Golfing legend John Jacobs OBE, described as the father of modern day golf, died earlier this morning (January 13) at the age of 91.
His legacy is that of a true sporting visionary – a player, a teacher, an innovator, all born out of a passion for golf that consumed his life. To this day, his influence can be felt in every aspect of the sport and across the globe.
From beginners picking up a club for the very first time to the stars of the European and US PGA tours, few golfers have not been touched by Jacobs’ genius and his overwhelming desire to ensure everyone loved the game and had as much fun playing it as he did. A tour player of note who competed in the 1955 Ryder Cup in California, Jacobs would later captain the side twice – most fittingly in 1979 when European players competed for the very first time.
However, it was on the practice ground and in the game’s corridors of power where Jacobs had the biggest impact with his innovative thinking. As a coach he transformed the fundamentals of how you teach the game with his revolutionary philosophies based on ball flight, club face alignment and swing path.
Through coaching schools, best-selling books, videos and television series his methods were known in the UK, across America and around the world. Everyone, from the best to the worst could understand his teaching. “Make it do-able,” he insisted. “Keep it simple.”
A PGA Master Professional, he wrote the PGA’s first training manual and decades later his principles are still at the core of every professional’s education. For more than 20 years he was also the driving force behind the development of the European Tour, fighting to expand the season of events beyond Britain. Within a matter of months of taking control he had increased events and doubled the prize money on offer and in doing so, he laid the foundations for one of the most successful organisations in sport.
Jacobs, who lived in Lyndhurst, Hampshire, was also the visionary behind the growth of driving ranges, realising their value for both professionals and students who wanted learn and improve day or night, all year round. “Golf can be an expensive sport,” he reasoned. “Golf ranges were an inexpensive way to get more people playing the game and enjoying it.”
Jacobs was a friendly face for pros on tour, who would queue up for his advice, and, thanks to his books, videos, clinics and television appearances, he was a household name on both sides of the Atlantic. All of which is a long way from his early years growing up at Lindrick Golf Club in Yorkshire where his father was the professional and understanding the swing was simply to “stop myself hooking into the gorse on the left”.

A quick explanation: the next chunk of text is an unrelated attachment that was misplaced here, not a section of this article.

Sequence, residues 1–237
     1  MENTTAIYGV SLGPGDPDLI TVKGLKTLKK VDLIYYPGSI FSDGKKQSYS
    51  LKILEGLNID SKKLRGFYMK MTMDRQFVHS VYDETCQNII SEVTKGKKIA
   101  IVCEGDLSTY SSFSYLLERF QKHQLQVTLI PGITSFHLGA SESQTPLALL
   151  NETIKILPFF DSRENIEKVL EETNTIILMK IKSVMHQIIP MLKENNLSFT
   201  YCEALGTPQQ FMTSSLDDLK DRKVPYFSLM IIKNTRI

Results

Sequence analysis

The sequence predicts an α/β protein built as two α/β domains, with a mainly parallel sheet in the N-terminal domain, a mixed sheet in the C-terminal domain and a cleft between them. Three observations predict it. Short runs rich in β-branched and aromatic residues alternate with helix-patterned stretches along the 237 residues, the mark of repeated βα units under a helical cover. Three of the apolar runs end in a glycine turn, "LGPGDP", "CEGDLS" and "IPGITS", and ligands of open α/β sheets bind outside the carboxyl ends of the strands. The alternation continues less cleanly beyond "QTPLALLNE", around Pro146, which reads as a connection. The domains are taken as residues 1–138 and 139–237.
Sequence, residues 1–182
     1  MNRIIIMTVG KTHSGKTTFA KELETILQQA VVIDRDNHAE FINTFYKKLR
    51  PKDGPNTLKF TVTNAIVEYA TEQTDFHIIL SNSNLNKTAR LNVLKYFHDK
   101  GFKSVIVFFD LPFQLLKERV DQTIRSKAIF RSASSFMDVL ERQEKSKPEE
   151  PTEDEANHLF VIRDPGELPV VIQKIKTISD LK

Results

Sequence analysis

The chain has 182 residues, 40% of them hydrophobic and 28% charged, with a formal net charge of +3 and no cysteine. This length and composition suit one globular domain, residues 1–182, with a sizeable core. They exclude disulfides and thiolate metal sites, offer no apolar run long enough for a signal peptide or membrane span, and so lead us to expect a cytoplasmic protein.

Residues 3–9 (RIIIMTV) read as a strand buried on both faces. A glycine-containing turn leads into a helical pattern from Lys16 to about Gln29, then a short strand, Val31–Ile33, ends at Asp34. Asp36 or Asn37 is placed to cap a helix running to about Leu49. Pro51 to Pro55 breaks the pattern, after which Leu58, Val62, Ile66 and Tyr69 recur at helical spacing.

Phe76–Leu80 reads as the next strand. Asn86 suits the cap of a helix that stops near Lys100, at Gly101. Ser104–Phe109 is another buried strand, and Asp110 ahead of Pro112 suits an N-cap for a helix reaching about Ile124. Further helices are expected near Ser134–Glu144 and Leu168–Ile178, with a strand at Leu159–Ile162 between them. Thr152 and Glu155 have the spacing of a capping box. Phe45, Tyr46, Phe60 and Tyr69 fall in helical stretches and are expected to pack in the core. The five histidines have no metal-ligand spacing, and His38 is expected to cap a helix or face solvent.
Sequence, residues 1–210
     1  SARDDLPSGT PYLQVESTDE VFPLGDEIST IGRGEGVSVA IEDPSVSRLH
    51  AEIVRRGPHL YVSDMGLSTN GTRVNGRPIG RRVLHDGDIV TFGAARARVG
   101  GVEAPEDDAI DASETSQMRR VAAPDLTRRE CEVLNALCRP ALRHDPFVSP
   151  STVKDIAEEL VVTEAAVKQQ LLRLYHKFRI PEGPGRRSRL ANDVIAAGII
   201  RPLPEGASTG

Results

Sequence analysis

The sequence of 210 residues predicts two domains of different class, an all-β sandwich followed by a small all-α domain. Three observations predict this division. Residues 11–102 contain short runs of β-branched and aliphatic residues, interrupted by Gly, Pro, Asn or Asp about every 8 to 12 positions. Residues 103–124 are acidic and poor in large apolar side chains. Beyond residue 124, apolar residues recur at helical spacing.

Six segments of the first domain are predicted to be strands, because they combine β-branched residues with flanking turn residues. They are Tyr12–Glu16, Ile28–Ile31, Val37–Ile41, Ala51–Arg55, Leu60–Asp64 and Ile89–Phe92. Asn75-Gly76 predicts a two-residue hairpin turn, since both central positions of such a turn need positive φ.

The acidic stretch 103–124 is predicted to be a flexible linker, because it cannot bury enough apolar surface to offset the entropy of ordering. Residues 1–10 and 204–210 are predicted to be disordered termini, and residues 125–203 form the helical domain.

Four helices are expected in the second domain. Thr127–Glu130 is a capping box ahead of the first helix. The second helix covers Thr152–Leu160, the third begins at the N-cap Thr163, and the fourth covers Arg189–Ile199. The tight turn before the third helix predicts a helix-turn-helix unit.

PGA Chief Executive Sandy Jones paid this tribute: “John Jacobs will be fondly remembered by those of us who were privileged to know him. Quite simply he was a legend of the game and his name will sit at the top table with all the golfing greats.”
Dr Kyle Phillpots, The PGA’s Executive Director – Education and Global Development, added: “John’s legacy to golf is well documented. In addition to his accomplishments as a player, coach and administrator, he is the person who made the European Tour happen and he is widely acknowledged as the father of modern golf coaching.
“When I started at The PGA, although not a golfer, I had certainly heard of John Jacobs and he lived up to his reputation in terms of not only his knowledge and huge understanding of the golf swing, but also his strength of character. However, more than that he was a real gentleman. He was very kind to me and was always a great source of support to me and the Training Academy.
“The other thing that stands out is his love of life – he took pleasure from so many things, whether it was golf, playing it, coaching it or talking about it. He enjoyed fishing and also the simple pleasures of eating and drinking fine wine and just being with people. I will miss him and his great stories about his amazing life in golf.”